World Economy

EM Currencies Crash, Investors Flee

EM Currencies Crash, Investors FleeEM Currencies Crash, Investors Flee

The currencies of Brazil, Mexico, South Africa and Turkey have all crashed to multi-year lows as investors flee emerging markets and commodity prices crumble.

The drastic moves came as fears of imminent monetary tightening by the US Federal Reserve combined with shockingly weak figures from China, which stoked fears that the country may be sliding into a deeper downturn and sent tremors through East Asia, Latin America and Africa, NewsNow reported.

The Caixin/Markit manufacturing survey for China fell to a 15-month low of 48.2 in July, with a sharp drop in new export orders.

Mexico’s peso hit a record low of 16.24 against the dollar. The country’s foreign exchange commission is mulling emergency action to defend the currency, despite the extreme reluctance of the Mexican authorities to meddle with market forces.

Colombia’s peso collapsed 5.2% to a historic low on Friday, a huge move in a single day.

Similar dramas played out in Chile and a string of countries deemed vulnerable to the combined spill-overs from China and the US. The MSCI index of emerging market equities fell to 1.8% to 36.92 and may soon test four-year lows.

 Brazil in Deep Waters

Brazil’s real plummeted to a 12-year low of 3.34 to the dollar, reflecting the country’s heavy reliance on exports of iron ore and other raw materials to China.

The devaluation tightens the noose on Brazilian companies saddled with $188 billion debt taken out during the glory days of the commodity boom. The oil group Petrobras alone raised $52 billion on the US bond markets.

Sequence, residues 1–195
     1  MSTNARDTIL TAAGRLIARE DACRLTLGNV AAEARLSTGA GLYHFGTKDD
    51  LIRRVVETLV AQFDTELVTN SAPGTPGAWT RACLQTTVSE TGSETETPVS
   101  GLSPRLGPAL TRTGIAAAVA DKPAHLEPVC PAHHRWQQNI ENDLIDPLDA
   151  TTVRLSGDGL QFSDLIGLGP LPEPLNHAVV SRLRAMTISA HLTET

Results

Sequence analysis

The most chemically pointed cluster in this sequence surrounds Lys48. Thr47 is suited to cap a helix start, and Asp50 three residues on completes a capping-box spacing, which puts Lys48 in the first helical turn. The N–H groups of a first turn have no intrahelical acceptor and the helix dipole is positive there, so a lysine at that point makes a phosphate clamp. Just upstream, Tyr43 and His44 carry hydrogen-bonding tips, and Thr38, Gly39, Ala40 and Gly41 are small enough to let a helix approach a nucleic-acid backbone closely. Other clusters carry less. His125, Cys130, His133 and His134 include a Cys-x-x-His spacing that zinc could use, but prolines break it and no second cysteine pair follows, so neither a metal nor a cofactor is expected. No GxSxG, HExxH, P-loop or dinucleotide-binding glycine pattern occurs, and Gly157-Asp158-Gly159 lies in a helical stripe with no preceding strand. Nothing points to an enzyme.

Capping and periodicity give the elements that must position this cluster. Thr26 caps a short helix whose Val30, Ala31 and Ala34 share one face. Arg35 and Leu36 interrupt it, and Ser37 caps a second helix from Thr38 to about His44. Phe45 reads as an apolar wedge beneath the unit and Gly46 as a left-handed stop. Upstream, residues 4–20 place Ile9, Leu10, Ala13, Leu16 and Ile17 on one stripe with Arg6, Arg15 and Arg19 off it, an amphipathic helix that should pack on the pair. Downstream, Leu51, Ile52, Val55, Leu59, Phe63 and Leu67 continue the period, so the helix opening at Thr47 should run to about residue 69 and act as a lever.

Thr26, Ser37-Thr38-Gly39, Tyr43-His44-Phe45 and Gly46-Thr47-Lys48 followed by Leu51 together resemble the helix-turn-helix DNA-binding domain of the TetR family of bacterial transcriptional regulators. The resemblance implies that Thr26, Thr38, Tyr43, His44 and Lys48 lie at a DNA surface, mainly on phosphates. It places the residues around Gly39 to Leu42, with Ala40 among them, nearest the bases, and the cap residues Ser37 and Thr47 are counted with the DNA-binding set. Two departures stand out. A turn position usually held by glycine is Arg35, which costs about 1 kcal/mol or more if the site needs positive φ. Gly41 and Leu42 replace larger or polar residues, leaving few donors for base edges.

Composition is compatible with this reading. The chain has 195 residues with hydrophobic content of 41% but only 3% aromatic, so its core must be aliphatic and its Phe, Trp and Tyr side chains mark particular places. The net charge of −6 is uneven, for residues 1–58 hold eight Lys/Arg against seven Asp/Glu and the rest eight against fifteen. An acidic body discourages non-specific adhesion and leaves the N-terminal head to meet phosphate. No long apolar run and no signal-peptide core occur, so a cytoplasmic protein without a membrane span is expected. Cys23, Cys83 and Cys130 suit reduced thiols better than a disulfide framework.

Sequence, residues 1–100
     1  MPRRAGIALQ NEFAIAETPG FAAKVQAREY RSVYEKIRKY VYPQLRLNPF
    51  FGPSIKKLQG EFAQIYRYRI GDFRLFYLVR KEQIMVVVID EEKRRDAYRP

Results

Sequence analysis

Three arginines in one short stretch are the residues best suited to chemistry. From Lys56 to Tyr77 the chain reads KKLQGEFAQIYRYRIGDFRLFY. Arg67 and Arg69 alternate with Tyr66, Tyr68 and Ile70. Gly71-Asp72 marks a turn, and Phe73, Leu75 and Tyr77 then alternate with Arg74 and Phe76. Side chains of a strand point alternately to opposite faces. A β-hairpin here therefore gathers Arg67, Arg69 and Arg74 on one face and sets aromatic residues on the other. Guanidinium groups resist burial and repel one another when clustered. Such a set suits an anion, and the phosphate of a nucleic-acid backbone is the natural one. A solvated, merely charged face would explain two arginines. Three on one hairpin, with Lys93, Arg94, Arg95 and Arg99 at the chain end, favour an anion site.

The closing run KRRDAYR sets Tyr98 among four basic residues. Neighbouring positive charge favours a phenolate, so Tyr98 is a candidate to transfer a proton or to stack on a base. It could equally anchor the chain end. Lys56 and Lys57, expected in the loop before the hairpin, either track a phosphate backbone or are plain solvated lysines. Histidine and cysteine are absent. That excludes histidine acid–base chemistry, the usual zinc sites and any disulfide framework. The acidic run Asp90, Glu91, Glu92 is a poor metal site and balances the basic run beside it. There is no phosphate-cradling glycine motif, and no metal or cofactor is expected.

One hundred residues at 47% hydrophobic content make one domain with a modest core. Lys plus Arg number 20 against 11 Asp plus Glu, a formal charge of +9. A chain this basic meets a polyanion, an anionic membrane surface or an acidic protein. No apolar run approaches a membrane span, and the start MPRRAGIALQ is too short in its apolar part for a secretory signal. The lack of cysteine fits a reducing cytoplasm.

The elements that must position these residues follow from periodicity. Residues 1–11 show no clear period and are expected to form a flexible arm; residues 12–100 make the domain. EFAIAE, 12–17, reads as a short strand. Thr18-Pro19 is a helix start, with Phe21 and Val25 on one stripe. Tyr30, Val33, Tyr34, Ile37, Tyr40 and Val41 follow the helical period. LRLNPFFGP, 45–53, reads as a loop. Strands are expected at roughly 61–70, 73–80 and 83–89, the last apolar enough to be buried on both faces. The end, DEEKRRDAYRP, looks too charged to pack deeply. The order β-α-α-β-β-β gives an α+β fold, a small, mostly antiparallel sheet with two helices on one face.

Bernd Berg, from Societe Generale, said Brazil faces a “perfect storm” as the economy slides into deeper recession and corruption scandals spread. New worries about political risk may soon push the real to 3.60, a once unthinkable level.

There is mounting concern that President Dilma Rousseff could be impeached for her failure to stop pervasive malfeasance at Petrobras.

 No Room to Maneuver

In South Africa, the rand plummeted to a record low of 12.68 to the dollar on Friday despite moves by the central bank to defend the currency. It raised rates a quarter point to 6% on Thursday.

South Africa is one of a growing number of emerging market states that has lost its room to maneuver and is being forced to tighten monetary policy into the downturn, compounding the effects of the commodity slump.

Such countries cannot ease policy or resort to stimulus to cushion the blow because this would risk capital flight–and potentially a classic rush for exits. Such synchronized “pro-cyclical” tightening is hazardous for the world as a whole since the emerging markets now make up roughly half the global GDP and–until this year–four-fifths of extra growth.

 China’s Downturn

Stephen Jen, from SLJ Macro Partners, said China’s downturn is proving to be “hard on the outside, soft on the inside”. It may be manageable for China itself as the country shifts from heavy industry to service-led growth, but it is brutal for those countries that have been feeding on the Chinese construction boom.

“China can handle the soft landing; it is the other countries that rely on China’s growth that we worry about,” he said.

Growth in emerging markets–excluding China–has fallen to 0.1%. These countries are on the brink of recession. They are now being hit on two fronts at once since the Fed shows no signs so far of backing away from a rate rise in September, probably the first of many.

 Acute Risks

The complicated “feedback loops” that created an interwoven American-Chinese boom in the last decade–and greatly flattered the emerging markets nexus–are now going into reverse with a vengeance. Jen said the weaker countries face “acute risks of a ‘sudden stop’ in capital flows” when the Fed pulls the trigger. “We expect a violent sell-off in some EM currencies this year,” he said.

Turkish companies and banks have $120 billion of short-term foreign funding that must be rolled over within a year. When combined with the country’s stubborn current account deficit–still 5.7% of GDP–the funding gap is $170 billion. This is more than six times larger than the central bank’s foreign reserves.

The lira weakened sharply to 2.75 against the dollar on Friday and looks likely to test record lows. Yields on 10-year Turkish bonds have jumped 50 basis points this week to 9.48%.